Cheevr | Achieve perfection in 30 days
Cheevr is an app that motivates you to take up new challenges and learn new skills every day for 1 month, guiding you through the challenges with short video tutorials and scientifically backed-up facts.
Having conducted a few researches and surveys, we came to a coclusion that there are 3 primary reasons people lose motivation:
1. Lack of confidence – If you don’t believe you can succeed, what’s the point in trying?
2. Lack of focus – If you don’t know what you want, do you really want anything?
3. Lack of direction – If you don’t know what to do, how can you be motivated to do it?
Having Cheevr as a guide that keeps track of your challenges, as well as suggests video tutorials on achieving your goals, you will be able to develop good healthy habits or get rid of bad ones for good. To create an app that would fit in with users’ needs and be usable, we need to answer the key questions: Who would use the app, Why they would use it, and How are they going to use it:
Who: Curious by nature people, who love developing and learning new things.
Why: To help keep track of challenges, suggesting bite-sized video guide every day.
How: Creating an app and a supportive website with reminders, a calendar, and option to challenge friends to keep up motivation.
There are a few apps that help users build up healthy habits over some time.
We looked at and did some research on them:
Unlike its competitors, Cheevr allows to take up only 1 activity per time. It also lets users invite and challenge friends, so they are kept company while committing to an activity.
After each day and upon completing activities, users are shown the scientific results of their achievements. These factors make it easier for users to complete the challenge they take up.
Having conducted user surveys, we figured that Cheevr needs to be targeted to the 21-35 and 36-45 year-old market, both males and females.
With a concentration on 1 activity per time, and a reward based approach, Cheevr can help develop new skills over 30 days.
Petra – Persona 1
Occupation: Graphic Designer
Interested in: Cooking, gym, reading, theatre, TED-talks
“I would love to learn everything and to know everything! Unfortunately, it is hard to keep concentration when there is so much information around. It would be great to be fed small portions of the most relevant and important stuff at a time, rather than having to go through and be selective with everything on your own.”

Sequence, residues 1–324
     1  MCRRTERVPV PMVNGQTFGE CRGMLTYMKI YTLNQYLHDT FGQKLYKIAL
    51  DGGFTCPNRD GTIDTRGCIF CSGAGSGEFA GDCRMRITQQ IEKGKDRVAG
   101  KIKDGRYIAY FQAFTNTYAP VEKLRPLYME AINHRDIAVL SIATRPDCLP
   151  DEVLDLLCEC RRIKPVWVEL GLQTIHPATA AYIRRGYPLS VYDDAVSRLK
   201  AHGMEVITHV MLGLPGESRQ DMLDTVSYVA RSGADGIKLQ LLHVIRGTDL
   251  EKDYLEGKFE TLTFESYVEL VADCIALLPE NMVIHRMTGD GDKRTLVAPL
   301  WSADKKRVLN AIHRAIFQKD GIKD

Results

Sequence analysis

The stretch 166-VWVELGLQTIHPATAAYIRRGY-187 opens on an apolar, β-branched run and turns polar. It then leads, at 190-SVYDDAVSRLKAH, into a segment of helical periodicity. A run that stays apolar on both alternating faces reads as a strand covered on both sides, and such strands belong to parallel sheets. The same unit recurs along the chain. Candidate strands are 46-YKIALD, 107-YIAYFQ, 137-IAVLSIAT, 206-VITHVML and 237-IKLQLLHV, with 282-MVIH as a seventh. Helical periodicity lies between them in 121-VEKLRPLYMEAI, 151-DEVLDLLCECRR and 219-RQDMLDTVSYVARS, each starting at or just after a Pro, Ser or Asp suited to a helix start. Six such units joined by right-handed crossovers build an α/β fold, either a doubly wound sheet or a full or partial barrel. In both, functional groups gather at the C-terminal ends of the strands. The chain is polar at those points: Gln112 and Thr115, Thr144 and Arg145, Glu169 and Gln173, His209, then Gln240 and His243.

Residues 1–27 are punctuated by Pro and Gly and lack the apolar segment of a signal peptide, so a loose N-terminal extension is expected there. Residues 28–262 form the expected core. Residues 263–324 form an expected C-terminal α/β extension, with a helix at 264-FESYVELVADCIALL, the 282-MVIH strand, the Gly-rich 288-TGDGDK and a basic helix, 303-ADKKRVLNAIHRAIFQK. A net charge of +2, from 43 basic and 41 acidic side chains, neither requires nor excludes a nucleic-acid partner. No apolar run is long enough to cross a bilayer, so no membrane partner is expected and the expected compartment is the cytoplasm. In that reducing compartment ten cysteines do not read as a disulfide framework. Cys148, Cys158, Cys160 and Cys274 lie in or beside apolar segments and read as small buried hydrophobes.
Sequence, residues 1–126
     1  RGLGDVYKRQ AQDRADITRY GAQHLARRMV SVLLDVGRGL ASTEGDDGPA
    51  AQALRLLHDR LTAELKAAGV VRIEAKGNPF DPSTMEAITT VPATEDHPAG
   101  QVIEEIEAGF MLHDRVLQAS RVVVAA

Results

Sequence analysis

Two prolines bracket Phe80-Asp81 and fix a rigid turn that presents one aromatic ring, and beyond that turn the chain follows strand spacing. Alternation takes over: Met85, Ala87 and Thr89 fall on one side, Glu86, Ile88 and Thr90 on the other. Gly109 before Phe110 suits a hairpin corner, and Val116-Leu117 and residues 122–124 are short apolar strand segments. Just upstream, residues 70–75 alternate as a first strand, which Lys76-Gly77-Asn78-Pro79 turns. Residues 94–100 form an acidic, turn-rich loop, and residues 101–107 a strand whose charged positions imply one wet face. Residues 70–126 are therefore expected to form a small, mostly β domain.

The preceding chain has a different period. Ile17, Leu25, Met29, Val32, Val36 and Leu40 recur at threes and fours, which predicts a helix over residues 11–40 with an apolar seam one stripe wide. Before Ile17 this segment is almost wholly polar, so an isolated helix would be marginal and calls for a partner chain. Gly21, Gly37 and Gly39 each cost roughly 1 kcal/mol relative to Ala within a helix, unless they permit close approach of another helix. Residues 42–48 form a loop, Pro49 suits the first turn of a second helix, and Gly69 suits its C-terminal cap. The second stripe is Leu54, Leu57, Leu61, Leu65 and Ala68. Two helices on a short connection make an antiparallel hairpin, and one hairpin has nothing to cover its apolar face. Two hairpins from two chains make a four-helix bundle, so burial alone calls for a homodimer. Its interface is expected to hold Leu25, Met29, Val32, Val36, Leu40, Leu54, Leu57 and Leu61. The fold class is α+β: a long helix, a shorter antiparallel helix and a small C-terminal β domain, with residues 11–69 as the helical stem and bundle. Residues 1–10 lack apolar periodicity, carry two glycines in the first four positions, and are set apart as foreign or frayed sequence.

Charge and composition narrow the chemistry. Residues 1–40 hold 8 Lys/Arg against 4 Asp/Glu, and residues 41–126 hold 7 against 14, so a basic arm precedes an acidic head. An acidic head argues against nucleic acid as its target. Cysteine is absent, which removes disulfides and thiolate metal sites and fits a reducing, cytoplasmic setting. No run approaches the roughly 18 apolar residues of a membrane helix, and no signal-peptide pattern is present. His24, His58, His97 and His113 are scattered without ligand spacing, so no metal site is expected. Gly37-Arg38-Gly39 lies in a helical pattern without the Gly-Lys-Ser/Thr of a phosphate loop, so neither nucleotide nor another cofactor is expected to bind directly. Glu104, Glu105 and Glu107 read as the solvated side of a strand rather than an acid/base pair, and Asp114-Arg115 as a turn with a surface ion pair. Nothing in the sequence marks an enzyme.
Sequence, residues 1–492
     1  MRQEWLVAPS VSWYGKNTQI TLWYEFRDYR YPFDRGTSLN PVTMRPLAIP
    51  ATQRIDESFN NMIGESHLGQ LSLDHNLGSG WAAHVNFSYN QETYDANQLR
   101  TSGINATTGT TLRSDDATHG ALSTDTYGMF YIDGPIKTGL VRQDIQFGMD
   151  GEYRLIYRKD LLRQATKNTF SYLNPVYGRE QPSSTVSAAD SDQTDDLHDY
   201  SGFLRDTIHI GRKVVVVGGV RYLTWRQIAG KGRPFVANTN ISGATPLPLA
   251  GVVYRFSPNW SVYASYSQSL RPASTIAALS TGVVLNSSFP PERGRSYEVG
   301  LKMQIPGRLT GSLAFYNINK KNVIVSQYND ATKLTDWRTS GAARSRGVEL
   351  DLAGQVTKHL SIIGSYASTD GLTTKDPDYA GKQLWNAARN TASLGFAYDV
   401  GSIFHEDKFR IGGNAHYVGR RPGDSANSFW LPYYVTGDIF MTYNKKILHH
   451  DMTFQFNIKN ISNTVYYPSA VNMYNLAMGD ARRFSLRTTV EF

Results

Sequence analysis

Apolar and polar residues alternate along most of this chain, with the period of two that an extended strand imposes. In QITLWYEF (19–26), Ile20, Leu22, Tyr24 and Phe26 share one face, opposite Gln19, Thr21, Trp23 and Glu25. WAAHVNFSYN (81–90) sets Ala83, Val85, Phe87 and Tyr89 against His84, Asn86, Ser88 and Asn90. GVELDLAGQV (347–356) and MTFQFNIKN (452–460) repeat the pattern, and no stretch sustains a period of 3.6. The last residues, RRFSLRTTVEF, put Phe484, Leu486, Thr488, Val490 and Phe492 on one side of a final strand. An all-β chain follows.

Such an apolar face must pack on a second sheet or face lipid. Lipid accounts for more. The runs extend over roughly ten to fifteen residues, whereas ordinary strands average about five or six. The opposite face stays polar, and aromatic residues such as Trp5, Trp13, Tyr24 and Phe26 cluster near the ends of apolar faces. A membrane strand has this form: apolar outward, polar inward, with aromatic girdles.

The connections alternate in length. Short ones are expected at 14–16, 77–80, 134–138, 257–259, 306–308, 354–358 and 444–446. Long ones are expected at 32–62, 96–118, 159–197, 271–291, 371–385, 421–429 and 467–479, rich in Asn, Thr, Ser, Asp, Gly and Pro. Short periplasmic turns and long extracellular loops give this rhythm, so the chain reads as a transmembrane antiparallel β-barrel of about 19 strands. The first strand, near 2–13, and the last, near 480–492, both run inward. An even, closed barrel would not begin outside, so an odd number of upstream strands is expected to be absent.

Simon – Persona 2
Occupation: Software Engineer
Interested in: Photography, travelling, cars, movies
“Whenever I like something, I immediately start researching about it and studying it from all angles.. As with everything, t he excitement does fade away with time, and sometimes I stop half way through.”
Based on the primary goal of an app, its target audience and their key features, we designed a scenario:
1. As a naturally curious person, who likes to learn, Petra wants to take up a new activity in arts or design and develop a new skill.
2. She searches through different apps, and finds Cheevr. The app description seems like this is something that can help her chose a new activity and keep track on its progress.
3. She signs up and browses through categories.
4. She finds a category “Arts and Design” and sees “Calligraphy” as a subcategory that gets her interest.
5. She then adds “Calligraphy” to her Current challenges, and goes through a little tutorial / guide video on calligraphy, as well as some facts on how to progress in this challenge. She also invites her friend Anna to participate, sharing the challenge with her via Facebook.
6. Petra then checks in every day after 10 minutes of practicing calligraphy, and after 30 days receives a Cheevr badge on completing a challenge.
After a login, a new user lands on Browse challenges dashboard. A user with existing challenges lands on My challenges dashboard.
Challenges are grouped by categories: Arts and Design, Education, Health and Sports, and Bad Habits. Each category has a list of challenges to pick up from. Challenges can be suggested but not created by users.
Considering scenarios, user flow and architecture of the app, we created wireframes to see how elements would fit on each screen.
When wireframes were finished, tested, and iterated, we created a set of icons for the app, picked photos for categories, backgrounds, colours, and the set of UI elements to create the final look:
We then created an interactive prototype in Invision to test how intuitive users find the app. Based on their feedback, we did change icon sizes, as well as added a feature to share users’ progress on social media.
January 13, 2017